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Food Trends in the Big City

Experts describe hip and healthy food trends in some major U.S. cities.
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Mini Desserts Make Headlines in Atlanta continued...

This restaurant chain (originating in Florida), now with two locations in Atlanta, has helped kick-start the trend of lower-calorie dining. "All their entrees and sandwiches seem to be under 500 calories," notes Puckett. How do they keep the calories so low? To start with, they use natural cooking techniques such as grilling over open fires, which gives their food fantastic flavor with fewer calories.

Drinking in Atlanta has even taken a turn toward health. According to Puckett, many restaurants and bars are featuring fresh, healthful ingredients in their cocktails, such as antioxidant-rich tomatoes and herbal teas.

Hungry in Seattle?

Seattle is setting its own food trends on the left coast. "The biggest Seattle trend is the overabundance of 'small plate' restaurants, allowing people to have a delicious meal without having to overeat," writes Nancy Leson, restaurant critic for the Seattle Times, in an email. By serving smaller portions, these restaurants are encouraging their patrons to eat sensible amounts of food.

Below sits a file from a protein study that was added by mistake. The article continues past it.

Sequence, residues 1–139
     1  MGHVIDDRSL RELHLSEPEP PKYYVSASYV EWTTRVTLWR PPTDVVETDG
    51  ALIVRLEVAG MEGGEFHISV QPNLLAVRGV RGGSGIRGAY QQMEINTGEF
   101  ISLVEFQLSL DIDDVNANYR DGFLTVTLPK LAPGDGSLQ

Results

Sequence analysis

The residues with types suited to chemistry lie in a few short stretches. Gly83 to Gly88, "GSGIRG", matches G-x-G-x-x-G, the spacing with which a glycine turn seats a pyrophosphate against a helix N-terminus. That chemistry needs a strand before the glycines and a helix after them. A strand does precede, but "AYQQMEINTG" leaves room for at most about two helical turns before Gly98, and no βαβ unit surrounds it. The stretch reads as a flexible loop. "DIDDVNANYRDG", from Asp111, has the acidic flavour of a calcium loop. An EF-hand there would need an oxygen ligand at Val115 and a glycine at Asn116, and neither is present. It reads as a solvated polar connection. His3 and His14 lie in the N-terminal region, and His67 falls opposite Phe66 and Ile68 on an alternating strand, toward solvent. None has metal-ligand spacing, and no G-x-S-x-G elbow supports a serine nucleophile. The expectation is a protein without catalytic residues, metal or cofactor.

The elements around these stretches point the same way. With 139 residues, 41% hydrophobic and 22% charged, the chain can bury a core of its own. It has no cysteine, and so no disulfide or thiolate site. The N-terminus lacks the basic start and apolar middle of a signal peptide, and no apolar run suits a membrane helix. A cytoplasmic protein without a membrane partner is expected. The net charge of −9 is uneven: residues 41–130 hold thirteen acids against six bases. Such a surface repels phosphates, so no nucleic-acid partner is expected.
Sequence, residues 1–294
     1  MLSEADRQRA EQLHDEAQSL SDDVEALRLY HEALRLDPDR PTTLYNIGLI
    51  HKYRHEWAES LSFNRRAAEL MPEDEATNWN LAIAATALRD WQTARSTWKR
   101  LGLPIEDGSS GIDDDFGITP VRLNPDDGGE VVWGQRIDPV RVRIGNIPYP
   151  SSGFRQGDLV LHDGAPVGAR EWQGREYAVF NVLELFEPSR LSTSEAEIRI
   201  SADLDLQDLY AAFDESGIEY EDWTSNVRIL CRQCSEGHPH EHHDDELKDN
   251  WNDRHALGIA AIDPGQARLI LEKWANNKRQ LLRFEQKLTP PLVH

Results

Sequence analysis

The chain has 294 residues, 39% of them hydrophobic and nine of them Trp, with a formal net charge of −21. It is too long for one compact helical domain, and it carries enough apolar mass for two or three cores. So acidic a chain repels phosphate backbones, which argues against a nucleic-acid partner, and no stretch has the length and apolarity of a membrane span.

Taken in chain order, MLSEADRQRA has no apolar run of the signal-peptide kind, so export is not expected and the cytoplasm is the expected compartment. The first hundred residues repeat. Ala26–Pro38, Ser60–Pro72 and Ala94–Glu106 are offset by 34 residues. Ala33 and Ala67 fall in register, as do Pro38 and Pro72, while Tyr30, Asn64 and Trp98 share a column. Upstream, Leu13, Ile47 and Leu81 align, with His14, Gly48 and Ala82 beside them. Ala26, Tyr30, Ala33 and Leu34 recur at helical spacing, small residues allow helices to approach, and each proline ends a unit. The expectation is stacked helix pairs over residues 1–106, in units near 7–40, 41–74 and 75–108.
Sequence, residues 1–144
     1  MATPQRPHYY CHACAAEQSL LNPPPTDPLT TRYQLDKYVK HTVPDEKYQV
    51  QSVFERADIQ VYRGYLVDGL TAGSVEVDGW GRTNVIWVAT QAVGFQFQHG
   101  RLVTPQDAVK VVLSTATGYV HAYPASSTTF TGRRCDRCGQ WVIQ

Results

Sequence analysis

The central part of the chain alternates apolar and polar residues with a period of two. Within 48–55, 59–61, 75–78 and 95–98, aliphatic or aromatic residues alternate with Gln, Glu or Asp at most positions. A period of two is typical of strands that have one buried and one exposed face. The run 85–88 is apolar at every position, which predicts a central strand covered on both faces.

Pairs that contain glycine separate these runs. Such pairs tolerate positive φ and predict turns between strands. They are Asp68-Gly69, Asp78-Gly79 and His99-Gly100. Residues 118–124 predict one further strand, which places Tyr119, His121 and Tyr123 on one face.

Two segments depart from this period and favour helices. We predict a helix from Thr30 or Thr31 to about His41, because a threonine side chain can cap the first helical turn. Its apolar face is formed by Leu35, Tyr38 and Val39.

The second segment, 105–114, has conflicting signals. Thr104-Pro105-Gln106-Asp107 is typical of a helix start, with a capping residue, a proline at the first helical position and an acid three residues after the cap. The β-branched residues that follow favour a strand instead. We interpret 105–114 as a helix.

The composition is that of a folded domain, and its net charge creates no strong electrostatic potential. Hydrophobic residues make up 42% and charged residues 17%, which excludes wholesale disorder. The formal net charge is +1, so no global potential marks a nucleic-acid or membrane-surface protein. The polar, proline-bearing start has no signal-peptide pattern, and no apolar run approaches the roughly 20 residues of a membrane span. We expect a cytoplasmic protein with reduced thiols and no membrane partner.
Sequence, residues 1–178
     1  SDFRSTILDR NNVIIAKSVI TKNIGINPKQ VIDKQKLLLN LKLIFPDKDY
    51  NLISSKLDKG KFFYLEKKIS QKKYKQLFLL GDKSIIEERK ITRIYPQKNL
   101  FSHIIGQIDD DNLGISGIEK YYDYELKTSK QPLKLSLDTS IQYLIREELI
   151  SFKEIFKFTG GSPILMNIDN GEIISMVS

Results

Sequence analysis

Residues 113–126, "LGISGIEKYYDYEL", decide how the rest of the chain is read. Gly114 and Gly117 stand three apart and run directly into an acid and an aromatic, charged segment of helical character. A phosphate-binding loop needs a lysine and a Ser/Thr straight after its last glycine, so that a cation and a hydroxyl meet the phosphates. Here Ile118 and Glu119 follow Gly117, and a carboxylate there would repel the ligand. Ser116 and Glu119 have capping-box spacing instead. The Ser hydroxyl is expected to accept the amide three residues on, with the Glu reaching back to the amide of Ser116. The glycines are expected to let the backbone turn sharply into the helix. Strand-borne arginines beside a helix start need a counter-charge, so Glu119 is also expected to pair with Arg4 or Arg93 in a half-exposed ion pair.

And if farm-fresh organic eggs count as "health food," then add them to the list of healthy food trends making waves in Seattle, notes Leson. "Simple farm-fresh organic eggs have become the star of the show at restaurants everywhere: poached and served over grilled asparagus; soft-boiled and placed over a frisee salad; or baked in salt and turned into saffron-colored strands of fresh pasta."

A Little Bit of Everything in Chicago

There's a food ban going on in Chicago, too, and it's got some fancy restaurants crying "fowl." The city of Chicago has banned foie gras (goose or duck liver), reports Carol Haddix, food editor at the Chicago Tribune. The high-fat, high-cholesterol gourmet item has been officially taken off city restaurant menus. And it sounds like goose liver may be just the beginning of food bans in Chicago. "Now the city council is aiming to ban trans fats, but that doesn't seem to be going anywhere right now," notes Haddix in an email.

Chicago may be halfway across the country from Seattle, but the small-plate craze is very popular there, too. According to Haddix, lots of restaurants all over town are going the "tidbit" route and serving smaller portions to happy patrons.

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Reviewed on August 02, 2007

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